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# Analytic Geometry Problems

Analytic Geometry Problems Analytic geometry, or analytical geometry has two different meanings in mathematics. The modern and advanced meaning refers to the geometry of analytic varieties. This article focuses on the classical and elementary meaning. In classical mathematics, analytic geometry, also known as coordinate geometry, or Cartesian geometry, is the study of geometry using a coordinate system and the principles of algebra and analysis. This contrasts with the synthetic approach of Euclidean geometry, which treats certain geometric notions as primitive, and uses deductive reasoning based on axioms and theorems to derive truth. Analytic geometry is widely used in physics and engineering, and is the foundation of most modern fields of geometry, including algebraic, differential, discrete, and computational geometry. Usually the Cartesian coordinate system is applied to manipulate equations for planes, straight lines, and squares, often in two and sometimes in three dimensions.

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Geometrically, one studies the Euclidean plane (2 dimensions) and Euclidean space (3 dimensions). As taught in school books, analytic geometry can be explained more simply: it is concerned with defining and representing geometrical shapes in a numerical way and extracting numerical information from shapes' numerical definitions and representations. The numerical output, however, might also be a vector or a shape. That the algebra of the real numbers can be employed to yield results about the linear continuum of geometry relies on the CantorDedekind axiom. Basic principles analytical geometry Problems Coordinates :- In analytic geometry, the plane is given a coordinate system, by which every point has a pair of real number coordinates. The most common coordinate system to use is the Cartesian coordinate system, where each point has an x-coordinate representing its horizontal position, and a y-coordinate representing its vertical position. These are typically written as an ordered pair (x, y). This system can also be used for three-dimensional geometry, where every point in Euclidean space is represented by an ordered triple of coordinates (x, y, z). Other coordinate systems are possible. On the plane the most common alternative is polar coordinates, where every point is represented by its radius r from the origin and its angle . In three dimensions, common alternative coordinate systems include cylindrical coordinates and spherical coordinates. Equations of curves :- In analytic geometry, any equation involving the coordinates specifies a subset of the plane, namely the solution set for the equation.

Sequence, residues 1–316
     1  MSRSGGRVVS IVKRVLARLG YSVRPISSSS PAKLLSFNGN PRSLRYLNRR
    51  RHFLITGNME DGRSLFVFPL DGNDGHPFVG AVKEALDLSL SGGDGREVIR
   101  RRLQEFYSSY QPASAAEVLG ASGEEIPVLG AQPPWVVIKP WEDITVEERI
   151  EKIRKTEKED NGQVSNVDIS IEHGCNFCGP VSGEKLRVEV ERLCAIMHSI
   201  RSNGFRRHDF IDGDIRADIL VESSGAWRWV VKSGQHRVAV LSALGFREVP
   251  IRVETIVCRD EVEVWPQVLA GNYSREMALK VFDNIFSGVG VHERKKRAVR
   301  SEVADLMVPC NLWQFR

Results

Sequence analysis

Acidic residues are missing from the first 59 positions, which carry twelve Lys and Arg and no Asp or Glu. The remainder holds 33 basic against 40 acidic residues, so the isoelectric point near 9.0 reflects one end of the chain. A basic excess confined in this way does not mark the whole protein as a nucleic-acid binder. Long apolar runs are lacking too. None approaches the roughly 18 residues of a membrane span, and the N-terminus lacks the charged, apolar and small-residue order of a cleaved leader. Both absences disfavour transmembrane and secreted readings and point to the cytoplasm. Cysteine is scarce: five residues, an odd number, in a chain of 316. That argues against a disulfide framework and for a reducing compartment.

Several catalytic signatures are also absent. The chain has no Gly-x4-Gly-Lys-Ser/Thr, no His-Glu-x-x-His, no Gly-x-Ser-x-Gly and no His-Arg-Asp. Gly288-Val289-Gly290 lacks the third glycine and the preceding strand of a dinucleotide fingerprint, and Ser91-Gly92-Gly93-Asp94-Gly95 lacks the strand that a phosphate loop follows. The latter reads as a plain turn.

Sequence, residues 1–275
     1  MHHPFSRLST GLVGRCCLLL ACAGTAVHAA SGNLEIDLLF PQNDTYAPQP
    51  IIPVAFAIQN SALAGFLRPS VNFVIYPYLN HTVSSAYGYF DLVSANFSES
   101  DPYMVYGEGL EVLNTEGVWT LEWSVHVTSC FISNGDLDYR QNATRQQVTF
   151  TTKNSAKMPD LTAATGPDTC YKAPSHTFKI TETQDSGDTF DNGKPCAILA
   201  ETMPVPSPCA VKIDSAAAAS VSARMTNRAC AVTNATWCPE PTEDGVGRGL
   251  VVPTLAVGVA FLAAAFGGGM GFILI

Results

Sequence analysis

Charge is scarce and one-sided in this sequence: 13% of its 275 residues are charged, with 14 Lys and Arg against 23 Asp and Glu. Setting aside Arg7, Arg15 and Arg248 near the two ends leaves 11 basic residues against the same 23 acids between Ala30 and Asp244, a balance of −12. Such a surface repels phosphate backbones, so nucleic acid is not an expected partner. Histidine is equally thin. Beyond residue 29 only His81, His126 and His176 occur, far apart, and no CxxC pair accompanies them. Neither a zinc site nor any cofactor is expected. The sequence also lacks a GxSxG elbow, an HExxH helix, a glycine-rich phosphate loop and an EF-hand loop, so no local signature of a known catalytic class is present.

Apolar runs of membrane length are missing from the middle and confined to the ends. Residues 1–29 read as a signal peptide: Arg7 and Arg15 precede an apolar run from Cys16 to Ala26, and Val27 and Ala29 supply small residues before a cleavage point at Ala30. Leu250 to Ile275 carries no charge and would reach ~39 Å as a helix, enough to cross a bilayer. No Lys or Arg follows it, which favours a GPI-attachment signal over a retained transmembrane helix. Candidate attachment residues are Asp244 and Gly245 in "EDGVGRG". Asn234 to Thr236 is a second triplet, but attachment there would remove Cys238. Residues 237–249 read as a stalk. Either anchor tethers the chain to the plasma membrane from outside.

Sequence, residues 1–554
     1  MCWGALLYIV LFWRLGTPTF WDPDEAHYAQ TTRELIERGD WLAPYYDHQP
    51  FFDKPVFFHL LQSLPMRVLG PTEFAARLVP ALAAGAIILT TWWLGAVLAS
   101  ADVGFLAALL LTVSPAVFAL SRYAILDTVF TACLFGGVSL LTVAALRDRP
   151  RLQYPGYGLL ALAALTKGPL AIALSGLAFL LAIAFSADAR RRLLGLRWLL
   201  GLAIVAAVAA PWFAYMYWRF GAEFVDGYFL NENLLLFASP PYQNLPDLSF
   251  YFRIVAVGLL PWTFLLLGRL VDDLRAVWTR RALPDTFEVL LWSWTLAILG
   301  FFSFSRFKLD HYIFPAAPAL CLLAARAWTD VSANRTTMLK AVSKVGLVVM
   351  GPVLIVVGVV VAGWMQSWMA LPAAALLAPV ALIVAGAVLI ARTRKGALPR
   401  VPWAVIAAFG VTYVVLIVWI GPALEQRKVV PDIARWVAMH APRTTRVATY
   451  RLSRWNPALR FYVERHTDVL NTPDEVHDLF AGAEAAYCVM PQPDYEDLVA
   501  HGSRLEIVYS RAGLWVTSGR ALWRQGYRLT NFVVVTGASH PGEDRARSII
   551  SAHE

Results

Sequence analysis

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For example, the equation y = x corresponds to the set of all the points on the plane whose xcoordinate and y-coordinate are equal. These points form a line, and y = x is said to be the equation for this line. In general, linear equations involving x and y specify lines, quadratic equations specify conic sections, and more complicated equations describe more complicated figures. Usually, a single equation corresponds to a curve on the plane. This is not always the case: the trivial equation x = x specifies the entire plane, and the equation x2 + y2 = 0 specifies only the single point (0, 0). In three dimensions, a single equation usually gives a surface, and a curve must be specified as the intersection of two surfaces (see below), or as a system of parametric equations. The equation x2 + y2 = r2 is the equation for any circle with a radius of r.

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